Hendry’s historical work has also been focused on local community histories in Louisiana, most significantly in Old South Baton Rouge. In 2006, Hendry received the “Preservation Honor Award for Education, Louisiana Trust for Historic Preservation” for her 15-year oral history research project with community activists and high school students conducting 230 interviews to document the African American history of this neighborhood and its high school, McKinley, which was the first public-funded high school for blacks in the Deep South. In 2009, she co-authored Old South Baton Rouge: Roots of Hope, a book “deeply situated within rigorous oral and archival history for which Professor Hendry as been regarded an exemplar for years” according to William Schubert. Her collaborative, community work, drawing on narrative methodologies, holds that history is an everyday practice. Research is not just a “method,” but a mode of being in relation and honoring that which makes us human. The oral history interviews are now archived at the Caver Library and at Hill Memorial Library at LSU.
In addition to her scholarly work, she plays a leadership role in the field of curriculum studies both locally and nationally. She has served as the co-director of the Curriculum Theory Project (CTP) at LSU from 2006-2016, “a project that has enabled graduate students, both within and without LSU’s academic contexts, to interact with curriculum studies scholars across a wide range of our field’s varied emphases and perspectives,” said Dr. Janet Miller. Dr. Hongyu Wang, Professor at Oklahoma State University, noted in her letter of nomination that, “CTP under her leadership continues to create a significant space for complicated, interdisciplinary, and rich intellectual conversations nationally and internationally.”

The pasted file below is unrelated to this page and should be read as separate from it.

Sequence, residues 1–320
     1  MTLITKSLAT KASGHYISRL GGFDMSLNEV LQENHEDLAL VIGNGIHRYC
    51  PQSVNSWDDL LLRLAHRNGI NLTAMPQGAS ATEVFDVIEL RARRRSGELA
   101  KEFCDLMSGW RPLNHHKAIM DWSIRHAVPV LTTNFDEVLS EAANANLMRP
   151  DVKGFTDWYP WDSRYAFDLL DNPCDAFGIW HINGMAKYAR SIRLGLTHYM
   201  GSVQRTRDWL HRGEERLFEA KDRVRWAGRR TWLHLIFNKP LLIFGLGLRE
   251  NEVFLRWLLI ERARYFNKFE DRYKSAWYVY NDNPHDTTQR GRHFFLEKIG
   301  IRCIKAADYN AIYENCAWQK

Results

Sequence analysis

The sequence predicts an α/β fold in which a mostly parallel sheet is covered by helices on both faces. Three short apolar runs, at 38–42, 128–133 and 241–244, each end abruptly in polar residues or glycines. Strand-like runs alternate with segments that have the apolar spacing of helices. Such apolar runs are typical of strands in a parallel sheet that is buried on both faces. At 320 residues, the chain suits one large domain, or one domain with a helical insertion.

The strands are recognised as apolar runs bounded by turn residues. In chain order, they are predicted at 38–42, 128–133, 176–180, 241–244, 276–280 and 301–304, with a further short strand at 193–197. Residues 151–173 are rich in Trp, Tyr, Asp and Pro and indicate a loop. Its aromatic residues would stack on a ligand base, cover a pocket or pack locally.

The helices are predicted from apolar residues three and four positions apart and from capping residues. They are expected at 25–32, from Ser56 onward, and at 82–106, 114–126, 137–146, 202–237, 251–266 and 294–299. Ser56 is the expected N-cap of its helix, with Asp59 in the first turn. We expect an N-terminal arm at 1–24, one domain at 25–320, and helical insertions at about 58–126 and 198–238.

Dr. Neil Mathews, director of SOE, said the Lifetime Achievement Award signifies the importance of the research conducted by CHSE faculty. “The award brings recognition to her outstanding scholarship and lifetime commitment to quality educational research,” said Mathews, director of SOE. “The School of Education is pleased that the premier research and professional education association in the world recognizes her career accomplishments.”
Hendry said she feels immensely honored and humbled to receive the AERA Lifetime Achievement Award. In Hendry’s acceptance speech, she said, “I would not be the scholar I am today without having participated in the robust and rich dialogues that take place at LSU. It is truly a unique, even magical place. I continue to have the privilege to study with and learn from brilliant students who teach me more than I ever teach them. And, I am indebted to my extraordinary colleagues who continuously challenge me to question my taken for granted assumptions.”
The LSU School of Education (SOE) offers graduate and undergraduate programs in Curriculum and Instruction and in Educational Leadership, Research, and Counseling. The School’s mission is to prepare P-12 educational professionals to be leaders, practitioners and scholars knowledgeable in contemporary educational issues.